Finding an effective way to communicate between healthcare professionals and AS is absolutely vital but stakeholders, and the published literature, gave mixed views on whether interpretation is best provided by telephone or face-to-face. 

Telephone interpretation is more flexible so is more appropriate for services where AS have difficulty sticking to appointment times. A telephone service can also be viewed as more confidential and so may feel more acceptable for the AS. (A. Gachango, personal communication, 16/08/2019)  

Face-to-face interpretation may be considered more appropriate for mental health therapy, especially where an AS is being asked to talk about the trauma they have experienced. (K.Young, personal communication, 13/09/2019).  

The comparative analysis in this assessment revealed the value that other areas have found in using the same interpreters regularly and engaging them in the process. For instance, in the Bristol Traumatic Stress Service, clients speaking several different languages may be present in a ‘Moving On After Trauma’ (MOAT) group so three or four interpreters are sometimes required at the same time. However, because the service has used the same interpreters for quite a while, these individuals have a good understanding of the sessions and are very experienced so have almost become co-facilitators. (M. Griggs, personal communication, 23/07/2019)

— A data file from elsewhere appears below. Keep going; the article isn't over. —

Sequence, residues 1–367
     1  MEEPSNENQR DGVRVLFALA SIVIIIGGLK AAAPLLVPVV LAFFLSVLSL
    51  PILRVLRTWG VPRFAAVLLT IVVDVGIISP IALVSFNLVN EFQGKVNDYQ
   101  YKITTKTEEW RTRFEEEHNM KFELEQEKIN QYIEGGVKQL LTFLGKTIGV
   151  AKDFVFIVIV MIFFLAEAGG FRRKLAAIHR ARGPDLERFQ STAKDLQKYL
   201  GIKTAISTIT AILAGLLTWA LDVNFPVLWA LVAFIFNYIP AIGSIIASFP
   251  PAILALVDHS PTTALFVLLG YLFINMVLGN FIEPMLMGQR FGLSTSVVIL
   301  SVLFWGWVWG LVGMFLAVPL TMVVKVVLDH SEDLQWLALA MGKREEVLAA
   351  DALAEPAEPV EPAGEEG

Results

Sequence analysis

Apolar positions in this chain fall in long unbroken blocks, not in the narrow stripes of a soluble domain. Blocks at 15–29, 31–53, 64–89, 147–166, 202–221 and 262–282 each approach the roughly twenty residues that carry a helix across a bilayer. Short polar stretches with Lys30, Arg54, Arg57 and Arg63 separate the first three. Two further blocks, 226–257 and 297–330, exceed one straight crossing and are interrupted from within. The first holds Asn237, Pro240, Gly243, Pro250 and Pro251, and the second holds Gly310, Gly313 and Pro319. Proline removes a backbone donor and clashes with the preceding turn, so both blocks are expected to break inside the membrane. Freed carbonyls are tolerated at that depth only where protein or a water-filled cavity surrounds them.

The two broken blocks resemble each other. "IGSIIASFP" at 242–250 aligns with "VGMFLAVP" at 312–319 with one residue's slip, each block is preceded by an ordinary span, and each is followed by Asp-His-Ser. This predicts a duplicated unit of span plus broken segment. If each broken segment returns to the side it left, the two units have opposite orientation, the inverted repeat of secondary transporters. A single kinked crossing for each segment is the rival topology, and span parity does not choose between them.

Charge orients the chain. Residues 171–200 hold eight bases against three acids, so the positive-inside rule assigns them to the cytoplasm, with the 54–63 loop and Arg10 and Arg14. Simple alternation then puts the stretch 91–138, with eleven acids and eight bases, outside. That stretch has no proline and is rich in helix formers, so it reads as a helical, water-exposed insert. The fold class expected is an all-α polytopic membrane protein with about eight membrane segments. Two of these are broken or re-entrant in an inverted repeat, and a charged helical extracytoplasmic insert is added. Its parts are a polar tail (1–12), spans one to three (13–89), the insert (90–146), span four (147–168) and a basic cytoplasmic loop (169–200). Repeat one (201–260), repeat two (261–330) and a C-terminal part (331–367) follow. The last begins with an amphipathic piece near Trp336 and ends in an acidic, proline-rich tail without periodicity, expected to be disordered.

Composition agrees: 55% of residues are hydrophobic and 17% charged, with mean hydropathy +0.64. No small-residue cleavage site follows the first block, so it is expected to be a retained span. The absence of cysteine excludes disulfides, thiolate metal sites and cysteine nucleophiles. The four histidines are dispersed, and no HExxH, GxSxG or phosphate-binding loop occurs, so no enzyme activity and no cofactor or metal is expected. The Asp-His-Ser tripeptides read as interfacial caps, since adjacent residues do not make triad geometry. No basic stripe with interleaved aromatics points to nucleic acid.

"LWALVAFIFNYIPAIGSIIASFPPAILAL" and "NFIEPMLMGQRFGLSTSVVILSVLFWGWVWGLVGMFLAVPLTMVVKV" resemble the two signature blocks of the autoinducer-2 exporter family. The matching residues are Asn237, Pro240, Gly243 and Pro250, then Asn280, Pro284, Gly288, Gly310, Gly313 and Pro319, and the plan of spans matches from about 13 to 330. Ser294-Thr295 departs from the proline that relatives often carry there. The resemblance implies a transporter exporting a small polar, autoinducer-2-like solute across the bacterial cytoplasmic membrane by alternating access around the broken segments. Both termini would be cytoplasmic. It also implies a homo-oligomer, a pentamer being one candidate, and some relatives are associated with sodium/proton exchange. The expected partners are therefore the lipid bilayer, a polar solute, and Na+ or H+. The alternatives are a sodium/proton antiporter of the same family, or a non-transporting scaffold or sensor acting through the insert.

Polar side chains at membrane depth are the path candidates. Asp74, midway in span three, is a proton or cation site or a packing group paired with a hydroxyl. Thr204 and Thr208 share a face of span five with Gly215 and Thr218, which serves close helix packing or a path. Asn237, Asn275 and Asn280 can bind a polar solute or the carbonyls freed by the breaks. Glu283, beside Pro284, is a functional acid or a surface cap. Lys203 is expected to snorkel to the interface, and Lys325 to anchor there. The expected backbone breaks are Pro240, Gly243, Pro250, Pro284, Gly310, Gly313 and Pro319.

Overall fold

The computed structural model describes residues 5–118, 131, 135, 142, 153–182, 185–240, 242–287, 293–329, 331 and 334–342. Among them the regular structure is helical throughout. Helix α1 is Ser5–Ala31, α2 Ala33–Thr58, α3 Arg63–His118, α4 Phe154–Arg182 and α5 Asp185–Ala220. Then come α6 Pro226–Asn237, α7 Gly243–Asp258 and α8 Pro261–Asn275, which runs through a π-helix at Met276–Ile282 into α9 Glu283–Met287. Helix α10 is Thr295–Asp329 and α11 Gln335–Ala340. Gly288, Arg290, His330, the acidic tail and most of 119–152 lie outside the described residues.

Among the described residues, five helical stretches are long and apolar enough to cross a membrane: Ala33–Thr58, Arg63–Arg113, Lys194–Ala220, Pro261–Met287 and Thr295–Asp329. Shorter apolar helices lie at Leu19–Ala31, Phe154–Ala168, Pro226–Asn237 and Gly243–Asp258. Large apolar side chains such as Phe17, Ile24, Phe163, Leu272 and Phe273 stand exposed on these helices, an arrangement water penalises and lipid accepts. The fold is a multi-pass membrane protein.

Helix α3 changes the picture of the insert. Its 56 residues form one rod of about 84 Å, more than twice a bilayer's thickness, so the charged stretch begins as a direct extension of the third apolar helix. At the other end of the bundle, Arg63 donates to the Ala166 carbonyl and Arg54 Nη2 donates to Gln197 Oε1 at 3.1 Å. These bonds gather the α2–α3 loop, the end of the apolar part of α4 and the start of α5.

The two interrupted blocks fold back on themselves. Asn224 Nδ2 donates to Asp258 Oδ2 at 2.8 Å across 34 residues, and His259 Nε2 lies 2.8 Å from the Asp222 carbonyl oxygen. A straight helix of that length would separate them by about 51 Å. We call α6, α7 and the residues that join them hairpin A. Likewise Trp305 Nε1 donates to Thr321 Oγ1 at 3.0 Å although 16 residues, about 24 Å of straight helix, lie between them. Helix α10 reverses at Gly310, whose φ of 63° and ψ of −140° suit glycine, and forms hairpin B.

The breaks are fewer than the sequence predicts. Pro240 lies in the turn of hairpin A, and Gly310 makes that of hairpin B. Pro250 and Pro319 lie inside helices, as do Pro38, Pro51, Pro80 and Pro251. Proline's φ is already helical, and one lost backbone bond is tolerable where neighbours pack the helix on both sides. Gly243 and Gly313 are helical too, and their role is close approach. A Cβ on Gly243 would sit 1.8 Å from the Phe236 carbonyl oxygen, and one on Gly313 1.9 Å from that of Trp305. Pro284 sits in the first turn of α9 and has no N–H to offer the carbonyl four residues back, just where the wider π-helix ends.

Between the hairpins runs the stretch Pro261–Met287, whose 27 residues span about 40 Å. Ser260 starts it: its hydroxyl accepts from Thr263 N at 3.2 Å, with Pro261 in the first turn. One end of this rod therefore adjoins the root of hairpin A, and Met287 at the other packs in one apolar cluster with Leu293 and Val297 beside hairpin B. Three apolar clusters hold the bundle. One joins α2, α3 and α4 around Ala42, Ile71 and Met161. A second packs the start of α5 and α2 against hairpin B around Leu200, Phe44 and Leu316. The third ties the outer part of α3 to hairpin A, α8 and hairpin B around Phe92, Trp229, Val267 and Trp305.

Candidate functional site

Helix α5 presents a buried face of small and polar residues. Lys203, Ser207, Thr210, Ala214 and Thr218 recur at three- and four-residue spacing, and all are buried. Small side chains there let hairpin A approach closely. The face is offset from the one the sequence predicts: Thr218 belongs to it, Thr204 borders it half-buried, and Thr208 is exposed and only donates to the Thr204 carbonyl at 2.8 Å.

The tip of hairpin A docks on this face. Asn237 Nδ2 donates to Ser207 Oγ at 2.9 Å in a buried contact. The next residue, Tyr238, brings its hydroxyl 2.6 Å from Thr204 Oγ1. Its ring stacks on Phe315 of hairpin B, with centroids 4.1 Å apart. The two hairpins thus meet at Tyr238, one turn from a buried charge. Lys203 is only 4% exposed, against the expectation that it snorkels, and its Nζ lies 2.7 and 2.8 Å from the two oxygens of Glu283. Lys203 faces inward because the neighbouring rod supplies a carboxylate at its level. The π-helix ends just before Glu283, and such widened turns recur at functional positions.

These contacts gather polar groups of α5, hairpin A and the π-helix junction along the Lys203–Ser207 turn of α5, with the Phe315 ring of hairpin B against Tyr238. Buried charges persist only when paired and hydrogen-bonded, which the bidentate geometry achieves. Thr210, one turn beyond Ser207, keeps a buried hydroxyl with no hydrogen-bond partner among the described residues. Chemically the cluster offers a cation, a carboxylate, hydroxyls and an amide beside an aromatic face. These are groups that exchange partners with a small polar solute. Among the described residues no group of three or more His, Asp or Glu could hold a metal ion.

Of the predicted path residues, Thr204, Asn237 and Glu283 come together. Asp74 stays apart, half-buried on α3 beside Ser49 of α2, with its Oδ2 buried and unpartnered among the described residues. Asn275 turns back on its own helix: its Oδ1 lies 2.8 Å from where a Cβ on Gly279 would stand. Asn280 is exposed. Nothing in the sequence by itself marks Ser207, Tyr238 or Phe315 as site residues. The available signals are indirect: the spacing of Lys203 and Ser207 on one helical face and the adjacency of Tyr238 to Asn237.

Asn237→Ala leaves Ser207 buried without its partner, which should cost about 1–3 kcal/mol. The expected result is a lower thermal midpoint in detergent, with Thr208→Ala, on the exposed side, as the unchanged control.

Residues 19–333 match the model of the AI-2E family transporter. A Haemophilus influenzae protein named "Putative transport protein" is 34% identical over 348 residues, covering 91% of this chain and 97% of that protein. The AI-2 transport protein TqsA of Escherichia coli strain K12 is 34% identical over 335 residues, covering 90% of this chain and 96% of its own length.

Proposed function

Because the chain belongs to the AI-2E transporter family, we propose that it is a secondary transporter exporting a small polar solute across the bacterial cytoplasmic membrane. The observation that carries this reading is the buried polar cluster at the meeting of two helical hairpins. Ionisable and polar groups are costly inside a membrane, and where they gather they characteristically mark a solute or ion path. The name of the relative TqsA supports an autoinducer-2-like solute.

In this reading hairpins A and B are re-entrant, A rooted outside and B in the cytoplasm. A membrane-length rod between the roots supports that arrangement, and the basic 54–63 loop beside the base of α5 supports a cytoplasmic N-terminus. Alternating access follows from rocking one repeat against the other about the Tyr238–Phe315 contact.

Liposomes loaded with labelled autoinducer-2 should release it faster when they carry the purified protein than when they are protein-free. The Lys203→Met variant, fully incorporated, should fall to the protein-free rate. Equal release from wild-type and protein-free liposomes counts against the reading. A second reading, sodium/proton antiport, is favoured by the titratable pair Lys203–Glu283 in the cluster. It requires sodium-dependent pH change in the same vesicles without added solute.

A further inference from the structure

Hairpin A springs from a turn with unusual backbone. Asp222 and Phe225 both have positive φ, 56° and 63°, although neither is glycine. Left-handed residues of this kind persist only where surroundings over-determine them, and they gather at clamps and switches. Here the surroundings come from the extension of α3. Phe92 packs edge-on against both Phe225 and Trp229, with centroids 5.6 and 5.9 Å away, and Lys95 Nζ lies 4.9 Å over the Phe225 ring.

Other ways of improving the interpretation include booking the same interpreter in advance for all future appointments and asking the interpreter to arrive early so they can briefly meet with the AS before the appointment.60 Additionally, training healthcare professionals in working through interpreters can be useful; for instance, Lancashire Care NHS Trust have made the RCPsych e-learning module on working through interpreters61 freely available to all staff (A. Summers, personal communication, 02/09/2019). 

6.2    Improving Cultural Awareness

‘Cultural competence’ is a term used to describe having an awareness of, and responding appropriately to, a person’s cultural background. Betancourt et al defined cultural competence in healthcare as ‘the ability of systems to provide care to patients with diverse values, beliefs and behaviours, including tailoring delivery to meet patients’ social, cultural and linguistic needs’.62